• The next generation oil sand facilities’ lifecycle emissions are at or below North American average values. Since 2009, the oil sands industry has collectively reduced per-barrel greenhouse gas (GHG) emissions intensity by 21 per cent and that’s expected to drop an additional 23 per cent by 2030.
  • Alberta-based producer MEG Energy proposes to achieve net-zero GHG emissions at its Christina Lake oil sands facility through carbon capture and sequestration technology.
  • In 2019, Suncor Energy announced plans to construct a new cogeneration facility at its oil sands Base Plant operation, which will reduce emissions by replacing boilers fuelled by petroleum coke with more efficient natural gas-fired electricity generation.
  • Canada has world-leading regulations regarding flaring and venting from upstream facilities. A 2018 study by the University of Calgary concluded that global emissions could be reduced by up to 23 per cent should Canadian regulations governing venting and flaring be adopted worldwide.
  • In March 2016, the Government of Canada announced a methane emissions reduction target for the oil and natural gas sector. The goal is to further improve on Canada’s performance, reducing methane emissions by an additional 40 to 45 per cent from 2012 levels by 2025. Myriad technologies are in development or already in place to ensure the industry achieves this goal.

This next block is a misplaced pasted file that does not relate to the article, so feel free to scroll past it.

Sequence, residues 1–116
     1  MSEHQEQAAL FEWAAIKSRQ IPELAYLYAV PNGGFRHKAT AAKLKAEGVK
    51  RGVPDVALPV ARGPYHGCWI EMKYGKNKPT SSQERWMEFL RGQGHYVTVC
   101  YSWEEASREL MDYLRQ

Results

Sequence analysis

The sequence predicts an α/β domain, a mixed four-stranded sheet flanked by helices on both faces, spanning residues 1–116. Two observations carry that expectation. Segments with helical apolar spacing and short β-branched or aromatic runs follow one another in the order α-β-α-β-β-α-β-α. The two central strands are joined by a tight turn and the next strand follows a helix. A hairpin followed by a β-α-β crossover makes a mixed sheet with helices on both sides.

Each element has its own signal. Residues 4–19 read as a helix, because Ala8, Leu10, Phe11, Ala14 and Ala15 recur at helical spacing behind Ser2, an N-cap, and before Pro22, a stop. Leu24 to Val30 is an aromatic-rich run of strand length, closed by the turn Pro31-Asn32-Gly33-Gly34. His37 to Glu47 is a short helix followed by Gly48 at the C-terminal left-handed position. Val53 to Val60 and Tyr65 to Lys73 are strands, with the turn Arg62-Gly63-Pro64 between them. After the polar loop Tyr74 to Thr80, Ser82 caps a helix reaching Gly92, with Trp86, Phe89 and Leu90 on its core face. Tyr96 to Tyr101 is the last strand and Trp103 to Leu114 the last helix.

• Carbon capture and storage (CCS) is showing great promise for emissions reduction. The Shell Scotford Quest CCS facility, operated by Shell Canada on behalf of the Athabasca Oil Sands Project, started operation in 2015. In its first two years of operation, Quest captured and safely stored two million tonnes of CO2. At Canadian Natural Resources Limited’s Horizon oil sands mine, a recovery plant captures and injects CO2 into tailings. In addition, the North West Redwater Sturgeon Refinery captures CO2 during processing that can be used in other industrial applications such as enhanced oil recovery. Canadian Natural estimates that its current projects will have CO2 capture capacity of 2.7 million tonnes / year, making it one of the largest industry owners of CCS capacity in the world.